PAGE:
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Are the average carbon dioxide concentrations in the N95 masks commonly worn by healthcare workers high enough to impair their ability to make complex decisions?

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A study published in 2013 by the Annals of Occupational Hygiene measured CO2 levels in the breathing zones of 30 different models of N95 masks. Buried 10 pages deep into their paper, the authors revealed that the average CO2 concentrations in these masks ranged from 1.3% to 3.5%. This is 5 to 14 times higher than the 0.25% CO2 level found to cause "large and statistically significant reductions" in complex decision-making ability by a 2012 study in the journal Environmental Health Perspectives. Likewise, a study published by the journal Nature in 2018 found that the same CO2 level (0.25%) caused a marked decline in the ability of commercial aircraft pilots to perform complex flight maneuvers. Based on a systematic literature review published by the Journal of Patient Safety in 2013, "there are at least 210,000 lethal" errors in U.S. hospitals each year, and "the true number" is "estimated at more than 400,000 per year."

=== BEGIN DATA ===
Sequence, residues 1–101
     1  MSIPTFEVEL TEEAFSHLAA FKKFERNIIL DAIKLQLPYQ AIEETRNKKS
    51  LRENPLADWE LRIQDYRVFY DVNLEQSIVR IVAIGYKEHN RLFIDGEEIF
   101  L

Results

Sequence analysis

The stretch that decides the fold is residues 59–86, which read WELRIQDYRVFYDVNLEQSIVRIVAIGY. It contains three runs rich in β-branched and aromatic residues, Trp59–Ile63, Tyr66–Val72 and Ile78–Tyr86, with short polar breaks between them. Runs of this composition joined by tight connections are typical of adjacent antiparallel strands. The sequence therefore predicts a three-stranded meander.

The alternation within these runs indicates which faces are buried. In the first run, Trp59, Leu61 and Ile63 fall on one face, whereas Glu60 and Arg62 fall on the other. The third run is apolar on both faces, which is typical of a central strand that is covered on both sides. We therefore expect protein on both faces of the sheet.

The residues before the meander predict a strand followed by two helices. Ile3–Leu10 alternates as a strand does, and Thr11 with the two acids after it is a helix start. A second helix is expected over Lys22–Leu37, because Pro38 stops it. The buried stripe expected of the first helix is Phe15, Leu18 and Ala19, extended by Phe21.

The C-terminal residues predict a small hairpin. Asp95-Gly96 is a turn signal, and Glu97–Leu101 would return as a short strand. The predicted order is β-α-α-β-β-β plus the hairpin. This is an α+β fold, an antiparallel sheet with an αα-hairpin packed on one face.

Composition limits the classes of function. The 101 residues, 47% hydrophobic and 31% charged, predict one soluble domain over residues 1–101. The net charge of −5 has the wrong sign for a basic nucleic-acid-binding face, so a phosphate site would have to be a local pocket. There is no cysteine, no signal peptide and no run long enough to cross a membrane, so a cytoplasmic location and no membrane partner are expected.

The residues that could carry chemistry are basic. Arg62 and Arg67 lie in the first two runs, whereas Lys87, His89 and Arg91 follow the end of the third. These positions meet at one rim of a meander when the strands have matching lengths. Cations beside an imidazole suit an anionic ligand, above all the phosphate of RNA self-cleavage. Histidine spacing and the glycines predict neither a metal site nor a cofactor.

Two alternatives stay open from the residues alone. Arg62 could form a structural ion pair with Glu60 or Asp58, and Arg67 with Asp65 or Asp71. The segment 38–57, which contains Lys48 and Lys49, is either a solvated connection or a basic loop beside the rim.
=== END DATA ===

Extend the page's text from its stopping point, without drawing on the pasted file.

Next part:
DocumentationAnnals of Occupational HygieneEnvironmental Health Perspectives Nature Journal of Patient Safety Masks & CO2



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